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U of M scientists unearth massive meteoroid crash site under Inver Grove Heights

CBS Minnesota 9/29/2022 Kirsten Mitchell

MINNEAPOLIS -- As NASA tries to re-route an asteroid, scientists at the University of Minnesota have made a mind-blowing discovery.

Geologists believe a massive meteor crashed into what is now Inver Grove Heights about 500 million years ago.

It was supposed to be a typical geologic remapping of Dakota County, but instead, scientists at the Minnesota Geological Survey unearthed something out of this world.

Geologist Julia Steenberg believes they found the site of a meteor crash. The crater under Inver Grove Heights spans about 2.5 miles wide and dates back 490 million years.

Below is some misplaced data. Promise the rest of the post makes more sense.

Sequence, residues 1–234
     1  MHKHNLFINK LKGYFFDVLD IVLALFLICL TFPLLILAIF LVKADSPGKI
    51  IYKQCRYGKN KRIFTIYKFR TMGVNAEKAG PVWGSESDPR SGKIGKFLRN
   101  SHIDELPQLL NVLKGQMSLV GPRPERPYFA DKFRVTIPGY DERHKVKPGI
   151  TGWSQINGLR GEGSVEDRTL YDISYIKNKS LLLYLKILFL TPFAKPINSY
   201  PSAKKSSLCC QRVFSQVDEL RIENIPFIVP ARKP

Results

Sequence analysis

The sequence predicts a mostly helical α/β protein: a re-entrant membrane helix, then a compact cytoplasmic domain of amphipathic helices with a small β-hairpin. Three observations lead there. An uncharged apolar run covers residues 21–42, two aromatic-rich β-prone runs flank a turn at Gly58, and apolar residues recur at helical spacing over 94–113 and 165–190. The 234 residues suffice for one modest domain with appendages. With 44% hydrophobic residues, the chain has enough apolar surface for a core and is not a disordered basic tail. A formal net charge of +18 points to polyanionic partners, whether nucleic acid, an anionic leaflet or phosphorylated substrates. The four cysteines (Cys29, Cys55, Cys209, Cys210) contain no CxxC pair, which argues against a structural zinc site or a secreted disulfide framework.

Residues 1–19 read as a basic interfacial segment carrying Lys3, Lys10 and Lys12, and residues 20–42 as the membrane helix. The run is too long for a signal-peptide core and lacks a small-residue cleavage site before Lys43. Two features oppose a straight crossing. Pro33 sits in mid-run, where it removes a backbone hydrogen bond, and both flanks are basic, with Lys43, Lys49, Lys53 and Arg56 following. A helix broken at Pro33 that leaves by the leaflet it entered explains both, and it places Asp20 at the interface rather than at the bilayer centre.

You can't see traces of it above ground. But if you've driven on Highway 52, you've likely driven above the meteor site. The real evidence can only be found about 350 feet below ground.

"We noticed the grains of sands had a very particular look that looked like they were shocked or fractured and some of the data showed the rocks were actually inverted," said Steenberg.

They're calling it the "Pine Bend Impact." If verified, it would be the first meteor site in Minnesota, among just 190 known sites nationwide.

Scientists estimate the area of the crater is 11 times the size of the iconic meteor crater in Arizona. Steenberg says a discovery like this allows them to learn more about our past and look ahead to the future.

About a third of all known meteor sites are buried, like the one found in Inver Grove Heights. Steenberg is trying to get her findings published and get the site added to the official count.

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